On Monday, the 27 member states of the European Union approved the ban on the sale of new cars with a combustion engine from 2035. However, Germany has withdrawn its opposition after agreeing with the European Commission on the future use of ‘e-fuels’ in wagons.
New cars will no longer be allowed to emit CO2 from 2035, which will effectively put an end to petrol, diesel and hybrid cars in favour of the fully electric car. The text must be formally approved on Tuesday at a meeting of energy ministers. The regulation is one of the pillars of the European climate plan to be climate neutral by 2050.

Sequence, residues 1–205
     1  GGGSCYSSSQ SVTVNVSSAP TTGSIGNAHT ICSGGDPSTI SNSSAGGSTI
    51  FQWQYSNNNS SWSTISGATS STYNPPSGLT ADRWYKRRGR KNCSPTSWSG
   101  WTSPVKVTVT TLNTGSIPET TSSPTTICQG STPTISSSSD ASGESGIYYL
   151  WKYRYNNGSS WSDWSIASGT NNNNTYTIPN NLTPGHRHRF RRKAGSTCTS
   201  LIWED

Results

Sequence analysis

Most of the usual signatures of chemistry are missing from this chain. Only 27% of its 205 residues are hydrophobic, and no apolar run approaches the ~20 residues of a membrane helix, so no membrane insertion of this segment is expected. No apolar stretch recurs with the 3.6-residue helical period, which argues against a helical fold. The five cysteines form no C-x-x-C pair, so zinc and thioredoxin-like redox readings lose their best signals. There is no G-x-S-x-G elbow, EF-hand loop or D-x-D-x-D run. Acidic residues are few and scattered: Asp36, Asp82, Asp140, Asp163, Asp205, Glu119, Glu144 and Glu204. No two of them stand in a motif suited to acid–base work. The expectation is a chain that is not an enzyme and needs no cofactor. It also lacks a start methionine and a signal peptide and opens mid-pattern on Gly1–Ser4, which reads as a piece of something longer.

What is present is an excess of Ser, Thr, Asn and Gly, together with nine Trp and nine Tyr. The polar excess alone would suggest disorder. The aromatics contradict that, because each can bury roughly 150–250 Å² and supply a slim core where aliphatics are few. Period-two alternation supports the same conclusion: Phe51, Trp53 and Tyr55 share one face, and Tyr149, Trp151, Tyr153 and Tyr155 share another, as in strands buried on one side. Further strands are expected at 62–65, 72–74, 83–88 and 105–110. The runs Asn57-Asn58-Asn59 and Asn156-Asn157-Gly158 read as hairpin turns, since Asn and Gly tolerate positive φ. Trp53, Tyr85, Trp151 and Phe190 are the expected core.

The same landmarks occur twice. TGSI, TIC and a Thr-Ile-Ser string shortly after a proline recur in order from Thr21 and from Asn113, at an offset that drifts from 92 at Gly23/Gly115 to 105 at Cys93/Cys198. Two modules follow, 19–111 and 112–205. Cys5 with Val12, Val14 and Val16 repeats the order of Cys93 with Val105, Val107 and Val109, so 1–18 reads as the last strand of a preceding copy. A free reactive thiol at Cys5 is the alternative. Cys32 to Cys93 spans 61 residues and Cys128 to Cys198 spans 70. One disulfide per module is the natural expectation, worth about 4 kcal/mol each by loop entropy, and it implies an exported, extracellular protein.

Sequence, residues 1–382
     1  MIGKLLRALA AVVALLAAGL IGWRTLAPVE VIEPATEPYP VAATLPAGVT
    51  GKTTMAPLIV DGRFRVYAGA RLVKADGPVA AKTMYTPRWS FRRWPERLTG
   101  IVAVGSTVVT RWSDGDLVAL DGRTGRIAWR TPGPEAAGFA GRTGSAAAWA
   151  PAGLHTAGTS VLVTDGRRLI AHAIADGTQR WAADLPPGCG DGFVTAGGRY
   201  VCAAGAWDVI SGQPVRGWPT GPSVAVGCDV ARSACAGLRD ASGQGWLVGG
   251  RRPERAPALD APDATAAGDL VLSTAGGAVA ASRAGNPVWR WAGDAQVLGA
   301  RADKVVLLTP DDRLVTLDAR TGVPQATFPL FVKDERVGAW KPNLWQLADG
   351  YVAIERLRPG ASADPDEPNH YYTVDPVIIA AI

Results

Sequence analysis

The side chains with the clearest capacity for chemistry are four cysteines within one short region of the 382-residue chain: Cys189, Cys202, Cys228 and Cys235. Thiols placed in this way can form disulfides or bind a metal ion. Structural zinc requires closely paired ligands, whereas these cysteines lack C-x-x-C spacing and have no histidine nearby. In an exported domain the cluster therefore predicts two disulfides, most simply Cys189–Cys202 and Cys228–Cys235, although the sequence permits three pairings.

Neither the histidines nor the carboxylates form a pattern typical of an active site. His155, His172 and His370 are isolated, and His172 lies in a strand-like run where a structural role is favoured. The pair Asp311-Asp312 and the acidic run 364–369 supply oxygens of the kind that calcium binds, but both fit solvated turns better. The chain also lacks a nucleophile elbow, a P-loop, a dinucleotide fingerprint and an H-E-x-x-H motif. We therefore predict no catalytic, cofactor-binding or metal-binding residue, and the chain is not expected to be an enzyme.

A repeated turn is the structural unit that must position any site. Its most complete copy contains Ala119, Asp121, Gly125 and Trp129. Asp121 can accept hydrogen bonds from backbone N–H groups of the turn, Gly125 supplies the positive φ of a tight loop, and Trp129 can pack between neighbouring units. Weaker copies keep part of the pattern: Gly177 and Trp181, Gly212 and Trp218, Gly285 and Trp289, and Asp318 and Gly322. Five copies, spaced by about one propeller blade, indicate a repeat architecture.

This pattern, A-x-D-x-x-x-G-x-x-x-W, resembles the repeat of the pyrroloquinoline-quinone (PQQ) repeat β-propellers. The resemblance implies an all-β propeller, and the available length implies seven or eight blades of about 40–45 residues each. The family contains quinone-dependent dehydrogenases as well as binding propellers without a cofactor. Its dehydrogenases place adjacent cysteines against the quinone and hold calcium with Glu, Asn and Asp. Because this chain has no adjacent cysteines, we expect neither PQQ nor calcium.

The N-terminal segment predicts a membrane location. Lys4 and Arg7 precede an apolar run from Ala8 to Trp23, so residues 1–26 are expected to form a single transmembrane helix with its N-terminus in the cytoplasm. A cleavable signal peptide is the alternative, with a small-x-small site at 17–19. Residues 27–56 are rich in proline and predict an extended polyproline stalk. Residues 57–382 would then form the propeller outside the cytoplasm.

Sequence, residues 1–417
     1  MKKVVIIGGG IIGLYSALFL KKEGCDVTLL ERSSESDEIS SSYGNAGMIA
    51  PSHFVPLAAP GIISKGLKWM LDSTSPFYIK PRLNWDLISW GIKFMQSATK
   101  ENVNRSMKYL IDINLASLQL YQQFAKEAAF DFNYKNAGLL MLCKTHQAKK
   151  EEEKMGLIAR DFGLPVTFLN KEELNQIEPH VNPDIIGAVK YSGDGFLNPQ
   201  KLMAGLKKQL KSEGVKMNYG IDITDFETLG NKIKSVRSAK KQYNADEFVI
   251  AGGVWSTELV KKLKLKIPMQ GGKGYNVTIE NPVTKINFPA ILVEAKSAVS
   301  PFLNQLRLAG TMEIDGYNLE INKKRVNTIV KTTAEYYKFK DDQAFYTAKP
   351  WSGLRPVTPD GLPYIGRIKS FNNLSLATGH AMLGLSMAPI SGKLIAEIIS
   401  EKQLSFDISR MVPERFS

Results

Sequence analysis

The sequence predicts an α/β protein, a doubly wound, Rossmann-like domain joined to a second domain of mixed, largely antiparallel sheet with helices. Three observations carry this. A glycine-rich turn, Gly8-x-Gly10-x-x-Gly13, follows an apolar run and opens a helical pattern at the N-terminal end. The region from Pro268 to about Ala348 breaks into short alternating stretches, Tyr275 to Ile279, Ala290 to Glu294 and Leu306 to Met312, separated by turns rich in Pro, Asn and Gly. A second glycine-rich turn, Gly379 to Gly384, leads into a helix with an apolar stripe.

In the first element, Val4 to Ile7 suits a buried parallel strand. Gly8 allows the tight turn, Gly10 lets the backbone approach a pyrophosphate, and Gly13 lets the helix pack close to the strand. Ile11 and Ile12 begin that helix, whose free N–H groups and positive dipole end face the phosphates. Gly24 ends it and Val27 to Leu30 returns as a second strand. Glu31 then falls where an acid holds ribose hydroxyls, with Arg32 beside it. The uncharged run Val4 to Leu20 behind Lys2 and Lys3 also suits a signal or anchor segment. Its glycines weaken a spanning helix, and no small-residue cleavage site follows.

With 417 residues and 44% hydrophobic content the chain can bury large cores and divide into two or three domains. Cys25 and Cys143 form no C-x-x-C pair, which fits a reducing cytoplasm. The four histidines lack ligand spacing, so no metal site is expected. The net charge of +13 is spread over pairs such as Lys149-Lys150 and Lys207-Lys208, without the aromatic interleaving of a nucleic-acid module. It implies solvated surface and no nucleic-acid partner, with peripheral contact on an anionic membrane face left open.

The political agreement between the EU Member States and the European Parliament to allow only zero-emission vehicles after 2035 dates from October last year. Shortly before the member states were to approve the agreement formally, however, Germany slammed on the brakes. After all, Germany has a strong car industry that should implement European legislation in its product lines.
The dispute between Berlin and the EU’s executive board centred on whether carmakers could still make cars after 2035 that run on so-called ‘e-fuels’, a class of synthetic fuels.
The European Commission and Germany announced on Saturday that they had agreed on the dispute. “Vehicles with combustion engines can also be newly admitted after 2035 if they only fill up with CO2-neutral fuels,” said the German Transport Minister Volker Wissing.